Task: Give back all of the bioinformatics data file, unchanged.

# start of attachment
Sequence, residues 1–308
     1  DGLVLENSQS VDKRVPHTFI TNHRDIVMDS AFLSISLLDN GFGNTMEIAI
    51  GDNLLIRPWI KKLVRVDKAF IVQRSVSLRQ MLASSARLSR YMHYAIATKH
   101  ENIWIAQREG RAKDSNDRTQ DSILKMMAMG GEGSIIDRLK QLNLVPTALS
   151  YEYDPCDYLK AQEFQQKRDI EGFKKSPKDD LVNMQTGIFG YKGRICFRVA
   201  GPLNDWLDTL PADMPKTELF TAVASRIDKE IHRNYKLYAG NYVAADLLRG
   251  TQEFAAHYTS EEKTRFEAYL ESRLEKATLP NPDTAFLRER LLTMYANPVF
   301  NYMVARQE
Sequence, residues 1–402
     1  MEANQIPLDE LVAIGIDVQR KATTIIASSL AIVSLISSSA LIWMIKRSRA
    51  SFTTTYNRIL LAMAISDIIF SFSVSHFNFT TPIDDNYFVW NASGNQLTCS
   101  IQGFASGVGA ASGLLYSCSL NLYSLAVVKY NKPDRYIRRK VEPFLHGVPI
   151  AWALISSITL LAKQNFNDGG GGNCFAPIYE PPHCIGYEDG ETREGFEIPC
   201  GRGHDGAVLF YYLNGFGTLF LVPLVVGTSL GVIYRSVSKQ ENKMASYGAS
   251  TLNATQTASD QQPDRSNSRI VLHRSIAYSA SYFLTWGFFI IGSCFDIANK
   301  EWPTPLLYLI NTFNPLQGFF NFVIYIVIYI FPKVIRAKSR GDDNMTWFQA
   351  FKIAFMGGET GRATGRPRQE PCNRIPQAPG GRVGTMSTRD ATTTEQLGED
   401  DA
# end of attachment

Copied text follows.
Sequence, residues 1–308
     1  DGLVLENSQS VDKRVPHTFI TNHRDIVMDS AFLSISLLDN GFGNTMEIAI
    51  GDNLLIRPWI KKLVRVDKAF IVQRSVSLRQ MLASSARLSR YMHYAIATKH
   101  ENIWIAQREG RAKDSNDRTQ DSILKMMAMG GEGSIIDRLK QLNLVPTALS
   151  YEYDPCDYLK AQEFQQKRDI EGFKKSPKDD LVNMQTGIFG YKGRICFRVA
   201  GPLNDWLDTL PADMPKTELF TAVASRIDKE IHRNYKLYAG NYVAADLLRG
   251  TQEFAAHYTS EEKTRFEAYL ESRLEKATLP NPDTAFLRER LLTMYANPVF
   301  NYMVARQE
Sequence, residues 1–402
     1  MEANQIPLDE LVAIGIDVQR KATTIIASSL AIVSLISSSA LIWMIKRSRA
    51  SFTTTYNRIL LAMAISDIIF SFSVSHFNFT TPIDDNYFVW NASGNQLTCS
   101  IQGFASGVGA ASGLLYSCSL NLYSLAVVKY NKPDRYIRRK VEPFLHGVPI
   151  AWALISSITL LAKQNFNDGG GGNCFAPIYE PPHCIGYEDG ETREGFEIPC
   201  GRGHDGAVLF YYLNGFGTLF LVPLVVGTSL GVIYRSVSKQ ENKMASYGAS
   251  TLNATQTASD QQPDRSNSRI VLHRSIAYSA SYFLTWGFFI IGSCFDIANK
   301  EWPTPLLYLI NTFNPLQGFF NFVIYIVIYI FPKVIRAKSR GDDNMTWFQA
   351  FKIAFMGGET GRATGRPRQE PCNRIPQAPG GRVGTMSTRD ATTTEQLGED
   401  DA